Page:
Tax season has ended, but not for scammers. This year's strain of tax-related phone scams with callers identifying themselves as Internal Revenue Service representatives has elicited warnings in recent weeks from the state attorney general, state Department of Consumer Protection, state Department of Revenue Services, the Better Business Bureau and, of course, the IRS.
Now let's add another warning from Jen Win-Johnson of Newington. Last week, someone who identified himself as Mark White called to tell her she owed the IRS $1,000. White said she had ignored letters the IRS sent last September and December.
After citing the IRS case number, he said if she did not pay now she would lose her home, her possessions and her credit history.
"Then," says Win-Johnson, "he proceeded to say I would be arrested and my kids would go to foster care. Then he said I would be deported."
It sounds as if Win-Johnson needed more than H&R Block to get out of this mess.
"I told him I would go to the IRS office today and pay what I owe," she says.
Other than hanging up, this was perhaps the best response.
No, he said, it must be paid over the phone.
"I will not pay anything unless I see things in writing," Win-Johnson told him.
Then, she says, he hung up.
Many people, including Win-Johnson, quickly identify such a call as a scam. The warnings indicate, unfortunately, that many others do not.
"This is a crime that mainly targets low-income and non-English speaking people," said DRS Commissioner Kevin Sullivan in a joint warning released recently with the state attorney general's office and DCP, "because these scammers are counting on their victims being too afraid to say, 'No,' or even report the crime after it has happened."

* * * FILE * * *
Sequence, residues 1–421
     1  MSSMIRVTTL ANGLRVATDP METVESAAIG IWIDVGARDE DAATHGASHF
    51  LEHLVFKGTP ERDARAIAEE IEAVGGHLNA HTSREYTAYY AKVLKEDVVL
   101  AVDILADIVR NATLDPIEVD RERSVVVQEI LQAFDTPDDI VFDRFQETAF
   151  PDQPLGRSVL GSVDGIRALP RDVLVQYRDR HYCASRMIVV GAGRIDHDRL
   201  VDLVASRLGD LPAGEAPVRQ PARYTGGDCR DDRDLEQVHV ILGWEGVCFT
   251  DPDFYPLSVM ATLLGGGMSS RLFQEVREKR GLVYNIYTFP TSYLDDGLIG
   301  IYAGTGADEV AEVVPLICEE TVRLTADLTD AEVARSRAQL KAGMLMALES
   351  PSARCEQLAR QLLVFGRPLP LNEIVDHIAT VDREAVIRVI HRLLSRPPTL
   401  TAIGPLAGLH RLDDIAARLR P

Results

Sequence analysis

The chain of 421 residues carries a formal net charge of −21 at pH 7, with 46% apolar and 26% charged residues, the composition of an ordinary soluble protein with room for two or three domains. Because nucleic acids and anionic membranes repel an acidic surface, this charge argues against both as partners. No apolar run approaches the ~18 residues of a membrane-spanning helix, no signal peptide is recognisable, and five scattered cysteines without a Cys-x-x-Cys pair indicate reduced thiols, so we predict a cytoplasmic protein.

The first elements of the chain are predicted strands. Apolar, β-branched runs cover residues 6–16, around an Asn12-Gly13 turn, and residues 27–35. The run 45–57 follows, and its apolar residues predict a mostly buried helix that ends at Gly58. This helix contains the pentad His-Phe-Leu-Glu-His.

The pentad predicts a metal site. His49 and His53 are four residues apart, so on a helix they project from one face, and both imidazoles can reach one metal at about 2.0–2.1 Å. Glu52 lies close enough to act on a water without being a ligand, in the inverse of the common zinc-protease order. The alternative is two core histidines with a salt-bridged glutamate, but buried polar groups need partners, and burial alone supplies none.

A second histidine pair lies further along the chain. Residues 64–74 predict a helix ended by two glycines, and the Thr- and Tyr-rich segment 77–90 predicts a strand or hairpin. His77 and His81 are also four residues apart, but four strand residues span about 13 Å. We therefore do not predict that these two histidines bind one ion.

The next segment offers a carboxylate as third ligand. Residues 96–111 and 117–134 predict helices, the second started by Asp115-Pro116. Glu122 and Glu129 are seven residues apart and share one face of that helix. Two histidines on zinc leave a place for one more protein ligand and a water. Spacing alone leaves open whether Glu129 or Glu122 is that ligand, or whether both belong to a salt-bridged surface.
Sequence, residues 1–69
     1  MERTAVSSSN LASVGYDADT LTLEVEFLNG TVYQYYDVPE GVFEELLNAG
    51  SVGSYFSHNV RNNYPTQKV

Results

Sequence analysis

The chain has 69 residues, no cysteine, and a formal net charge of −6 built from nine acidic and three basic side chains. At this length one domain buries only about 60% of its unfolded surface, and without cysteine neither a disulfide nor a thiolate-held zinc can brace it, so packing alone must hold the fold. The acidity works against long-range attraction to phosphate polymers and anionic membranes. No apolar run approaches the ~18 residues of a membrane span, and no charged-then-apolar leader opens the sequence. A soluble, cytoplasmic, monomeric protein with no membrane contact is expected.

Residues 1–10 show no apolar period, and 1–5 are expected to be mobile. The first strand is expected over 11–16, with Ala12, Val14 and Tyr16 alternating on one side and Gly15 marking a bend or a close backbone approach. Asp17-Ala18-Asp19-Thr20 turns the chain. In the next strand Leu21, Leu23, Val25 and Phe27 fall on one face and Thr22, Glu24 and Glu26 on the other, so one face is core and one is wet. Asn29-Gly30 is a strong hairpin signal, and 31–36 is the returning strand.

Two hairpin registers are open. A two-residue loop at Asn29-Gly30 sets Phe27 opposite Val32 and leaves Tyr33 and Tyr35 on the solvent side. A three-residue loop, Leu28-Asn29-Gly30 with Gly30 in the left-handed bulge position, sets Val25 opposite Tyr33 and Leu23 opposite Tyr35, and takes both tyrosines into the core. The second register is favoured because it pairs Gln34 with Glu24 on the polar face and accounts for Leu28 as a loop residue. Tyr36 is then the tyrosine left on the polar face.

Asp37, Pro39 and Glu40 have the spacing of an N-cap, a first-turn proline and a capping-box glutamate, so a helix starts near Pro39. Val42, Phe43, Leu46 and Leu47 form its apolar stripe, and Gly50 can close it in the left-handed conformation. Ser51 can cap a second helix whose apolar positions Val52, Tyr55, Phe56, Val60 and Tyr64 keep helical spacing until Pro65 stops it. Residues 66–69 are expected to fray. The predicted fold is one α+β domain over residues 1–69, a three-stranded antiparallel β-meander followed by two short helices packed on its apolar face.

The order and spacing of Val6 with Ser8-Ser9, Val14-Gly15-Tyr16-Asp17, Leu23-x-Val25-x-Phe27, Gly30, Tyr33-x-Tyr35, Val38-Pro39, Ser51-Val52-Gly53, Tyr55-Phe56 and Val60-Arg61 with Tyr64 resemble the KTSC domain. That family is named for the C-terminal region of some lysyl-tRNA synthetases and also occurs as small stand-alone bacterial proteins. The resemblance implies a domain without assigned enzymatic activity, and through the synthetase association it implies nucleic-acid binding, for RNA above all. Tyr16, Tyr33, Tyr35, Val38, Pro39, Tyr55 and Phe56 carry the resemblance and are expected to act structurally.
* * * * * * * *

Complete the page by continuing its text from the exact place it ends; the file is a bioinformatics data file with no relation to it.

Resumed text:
The state attorney general's office has received dozens of calls recently from consumers about the scam, says spokeswoman Jaclyn Falkowski. Yet the attorney general's office has received only 10 formal complaints about IRS scams since 2009, she says. Six of those complaints match the current IRS scam. The office has also received complaints about false tax returns, when a taxpayer files a return only to find a fraudulent return already has been filed.
The IRS sends written notification through U.S. mail of any tax due. It does not call or email.
The IRS warns that scammers will:
>> Use fake names (common names, like Mark White) and IRS badge numbers.
>> Sometimes have the last four digits of your Social Security number (available on public-information databases).
>> Use the IRS toll-free number, through a method called spoofing, so the IRS name appears on Caller ID.
>> Follow up phone calls with email.
>> Threaten jail time or driver's license revocation, the call back and identify themselves as local police or department of motor vehicles, again using spoofing tactics.
If you receive such a call: Hang up. Report the call to the Treasury Inspector General for Tax Administration at 1-800-366-4484. File a complaint with the Federal Commission by using the "Complaint Assistant." (Add "IRS Telephone Scam" to your comments.)
You can also call the state attorney general office's Consumer Assistance Unit at 860-808-5420, the state Department of Consumer Protection at 1-800-842-2649 and the state Department of Revenue Services at 860-297-5962.
If you think you might owe taxes, call the IRS at 1-800-829-1040.
"What upsets me the most," says Win-Johnson, "is that people fall victim to this. People who can't afford to fall victim to this kind of scam."